The IRS has issued in draft form the “Hiring Incentives to Restore Employment (HIRE) Act Employee Affidavit” (“Form W-11”). This form can be used to confirm that an employee is a qualified employee under the HIRE Act. Employers and employees can use another similar statement if it contains the same information in Form W-11 and is signed under penalties of perjury.
Form W-11 contains a single statement: “I certify that I have been unemployed or have not worked for anyone more than 40 hours during the 60-day period ending on the date I began employment with this employer.” It also includes a space for the employee’s social security number and the name of the employer. Form W-11 also requires the employee to sign the form under the following statement: “Under penalties of perjury, I declare that I have examined this affidavit and, to the best of my knowledge and belief, it is true, correct, and complete.”
Nothing in the instructions to Form W-11 requires the employee to execute Form W-11 (or similar statement) before he or she begins work. It appears, therefore, that employees who begin work after February 3, 2010, can sign a Form W-11 (or similar statement), provided he or she meets the requirements of a “qualified employee.”
The instructions to Form W-11 define a “qualified employee” as an employee who:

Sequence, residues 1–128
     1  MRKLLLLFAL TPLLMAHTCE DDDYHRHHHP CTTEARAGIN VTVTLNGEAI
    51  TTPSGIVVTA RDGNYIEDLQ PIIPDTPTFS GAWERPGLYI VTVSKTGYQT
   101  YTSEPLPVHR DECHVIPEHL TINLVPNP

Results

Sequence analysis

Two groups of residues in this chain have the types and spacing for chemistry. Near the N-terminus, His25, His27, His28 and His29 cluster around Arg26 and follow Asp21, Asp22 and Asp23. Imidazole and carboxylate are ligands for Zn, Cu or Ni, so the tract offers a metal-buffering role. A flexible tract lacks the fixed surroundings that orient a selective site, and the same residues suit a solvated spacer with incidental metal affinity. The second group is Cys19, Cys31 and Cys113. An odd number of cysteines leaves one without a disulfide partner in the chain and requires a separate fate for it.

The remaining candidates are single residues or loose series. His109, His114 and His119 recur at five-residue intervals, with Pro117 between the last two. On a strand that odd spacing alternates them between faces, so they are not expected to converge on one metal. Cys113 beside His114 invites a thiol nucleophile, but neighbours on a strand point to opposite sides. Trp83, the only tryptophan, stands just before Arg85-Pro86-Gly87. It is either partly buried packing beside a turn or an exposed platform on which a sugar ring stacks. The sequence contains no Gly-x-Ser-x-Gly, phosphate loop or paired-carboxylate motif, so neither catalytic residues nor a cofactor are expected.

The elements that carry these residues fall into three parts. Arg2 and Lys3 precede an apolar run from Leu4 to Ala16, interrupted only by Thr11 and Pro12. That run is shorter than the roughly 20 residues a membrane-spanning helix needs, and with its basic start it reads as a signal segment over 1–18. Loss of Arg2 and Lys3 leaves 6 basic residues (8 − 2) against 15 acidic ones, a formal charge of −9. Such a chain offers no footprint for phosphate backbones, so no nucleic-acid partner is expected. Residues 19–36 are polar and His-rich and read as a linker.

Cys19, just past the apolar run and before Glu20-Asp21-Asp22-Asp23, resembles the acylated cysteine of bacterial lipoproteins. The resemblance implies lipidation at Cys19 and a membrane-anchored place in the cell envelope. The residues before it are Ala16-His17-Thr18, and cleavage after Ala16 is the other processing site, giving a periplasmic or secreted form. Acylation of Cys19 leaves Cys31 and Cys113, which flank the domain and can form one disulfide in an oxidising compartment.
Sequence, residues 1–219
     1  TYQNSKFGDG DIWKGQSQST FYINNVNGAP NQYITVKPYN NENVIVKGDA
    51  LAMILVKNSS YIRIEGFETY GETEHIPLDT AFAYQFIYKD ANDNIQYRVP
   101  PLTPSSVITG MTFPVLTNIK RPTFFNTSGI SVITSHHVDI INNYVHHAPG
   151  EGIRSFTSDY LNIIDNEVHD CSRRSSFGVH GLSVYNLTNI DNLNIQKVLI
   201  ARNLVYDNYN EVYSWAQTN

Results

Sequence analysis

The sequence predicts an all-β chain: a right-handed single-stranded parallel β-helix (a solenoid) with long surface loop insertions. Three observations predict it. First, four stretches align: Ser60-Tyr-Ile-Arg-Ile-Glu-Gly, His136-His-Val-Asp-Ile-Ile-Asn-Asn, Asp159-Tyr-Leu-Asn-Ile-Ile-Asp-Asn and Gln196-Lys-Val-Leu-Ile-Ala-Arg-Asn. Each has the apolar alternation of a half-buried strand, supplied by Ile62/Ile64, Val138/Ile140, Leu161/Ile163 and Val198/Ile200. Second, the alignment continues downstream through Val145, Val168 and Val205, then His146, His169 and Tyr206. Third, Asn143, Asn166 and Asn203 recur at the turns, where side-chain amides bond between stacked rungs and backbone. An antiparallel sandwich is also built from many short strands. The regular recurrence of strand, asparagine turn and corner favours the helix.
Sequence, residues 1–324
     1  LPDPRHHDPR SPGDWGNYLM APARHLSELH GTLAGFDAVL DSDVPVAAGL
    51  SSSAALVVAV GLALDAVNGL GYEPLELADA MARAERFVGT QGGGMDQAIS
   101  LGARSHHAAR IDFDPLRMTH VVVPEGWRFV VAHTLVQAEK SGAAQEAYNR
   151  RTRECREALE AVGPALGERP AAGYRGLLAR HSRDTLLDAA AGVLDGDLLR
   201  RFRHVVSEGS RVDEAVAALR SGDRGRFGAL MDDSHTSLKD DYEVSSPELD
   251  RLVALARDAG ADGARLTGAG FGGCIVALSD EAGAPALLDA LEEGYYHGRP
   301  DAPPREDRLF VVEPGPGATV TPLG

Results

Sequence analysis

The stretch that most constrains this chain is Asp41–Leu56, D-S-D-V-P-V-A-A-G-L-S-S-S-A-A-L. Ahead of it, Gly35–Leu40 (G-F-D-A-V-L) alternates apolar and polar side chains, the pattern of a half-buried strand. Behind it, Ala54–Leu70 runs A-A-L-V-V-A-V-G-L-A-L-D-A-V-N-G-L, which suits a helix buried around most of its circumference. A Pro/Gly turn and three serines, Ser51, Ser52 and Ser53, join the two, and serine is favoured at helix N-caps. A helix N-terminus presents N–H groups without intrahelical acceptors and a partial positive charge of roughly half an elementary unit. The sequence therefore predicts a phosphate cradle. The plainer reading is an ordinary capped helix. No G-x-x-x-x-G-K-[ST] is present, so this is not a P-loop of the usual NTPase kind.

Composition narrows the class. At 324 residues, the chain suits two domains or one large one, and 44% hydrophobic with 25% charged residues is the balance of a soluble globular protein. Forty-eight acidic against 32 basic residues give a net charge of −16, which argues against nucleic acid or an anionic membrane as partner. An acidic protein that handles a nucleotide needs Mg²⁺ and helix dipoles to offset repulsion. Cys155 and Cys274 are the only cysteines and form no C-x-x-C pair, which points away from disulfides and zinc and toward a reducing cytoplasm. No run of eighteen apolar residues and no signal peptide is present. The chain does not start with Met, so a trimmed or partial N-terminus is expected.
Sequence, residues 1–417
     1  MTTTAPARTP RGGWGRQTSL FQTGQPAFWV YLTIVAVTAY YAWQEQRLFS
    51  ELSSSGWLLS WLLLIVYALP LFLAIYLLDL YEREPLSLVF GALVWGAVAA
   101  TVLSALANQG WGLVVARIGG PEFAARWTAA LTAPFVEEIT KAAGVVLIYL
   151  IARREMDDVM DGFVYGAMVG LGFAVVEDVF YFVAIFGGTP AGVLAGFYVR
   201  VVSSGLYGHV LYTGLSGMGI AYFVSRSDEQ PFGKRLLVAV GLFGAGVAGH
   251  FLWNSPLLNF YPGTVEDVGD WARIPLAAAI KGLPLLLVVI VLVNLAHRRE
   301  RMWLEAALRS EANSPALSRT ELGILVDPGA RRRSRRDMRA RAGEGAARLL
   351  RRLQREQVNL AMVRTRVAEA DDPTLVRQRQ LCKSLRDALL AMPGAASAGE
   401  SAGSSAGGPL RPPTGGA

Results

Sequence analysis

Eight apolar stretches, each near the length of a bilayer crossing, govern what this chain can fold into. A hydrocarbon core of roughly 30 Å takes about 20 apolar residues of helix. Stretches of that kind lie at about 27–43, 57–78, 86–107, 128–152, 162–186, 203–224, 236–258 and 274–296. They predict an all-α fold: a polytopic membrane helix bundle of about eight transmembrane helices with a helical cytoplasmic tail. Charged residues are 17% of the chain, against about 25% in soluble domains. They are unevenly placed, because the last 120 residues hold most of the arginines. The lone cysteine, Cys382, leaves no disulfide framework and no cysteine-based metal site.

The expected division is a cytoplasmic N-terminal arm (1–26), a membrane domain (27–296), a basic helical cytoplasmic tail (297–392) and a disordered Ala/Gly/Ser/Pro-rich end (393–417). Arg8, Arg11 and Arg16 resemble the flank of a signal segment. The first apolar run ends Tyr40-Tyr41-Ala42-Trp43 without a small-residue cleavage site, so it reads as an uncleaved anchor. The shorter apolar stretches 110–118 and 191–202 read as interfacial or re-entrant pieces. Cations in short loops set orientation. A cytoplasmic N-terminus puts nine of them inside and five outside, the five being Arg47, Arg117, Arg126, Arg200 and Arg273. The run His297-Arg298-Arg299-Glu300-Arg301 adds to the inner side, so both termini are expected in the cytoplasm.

- Begins employment with the employer after February 3, 2010, and before January 1, 2011;
- Certifies by signed affidavit, or similar statement under penalties of perjury, that he or she has not been employed for more than 40 hours during the 60-day period ending on the date the employee begins employment with the employer;
- Is not employed by the employer to replace another employee unless the other employee separated from employment voluntarily or for cause (including downsizing); and
- Is not related to the employer. An employee is related to the employer if he or she is the employer’s child or a descendent of the employer’s child, the employer’s sibling or stepsibling, the employer’s parent or an ancestor of the employer’s parent, the employer’s stepparent, the employer’s niece or nephew, the employer’s aunt or uncle, or the employer’s in-law. An employee is also related to the employer if he or she is related to anyone who owns more than 50% of the employer’s outstanding stock or capital and profits interest, or is the employer’s dependent or a dependent of anyone who owns more than 50% of the employer’s outstanding stock or capital and profits interest.
The draft Form W-11 can be viewed here.
The IRS has updated its website to include frequently asked questions about the payroll tax exemption and the business credit under the HIRE Act, but there is no indication from the IRS when it will finalize Form W-11. For more information on the HIRE Act, see HIRE Act Provides Tax Breaks for Hiring Unemployed Workers.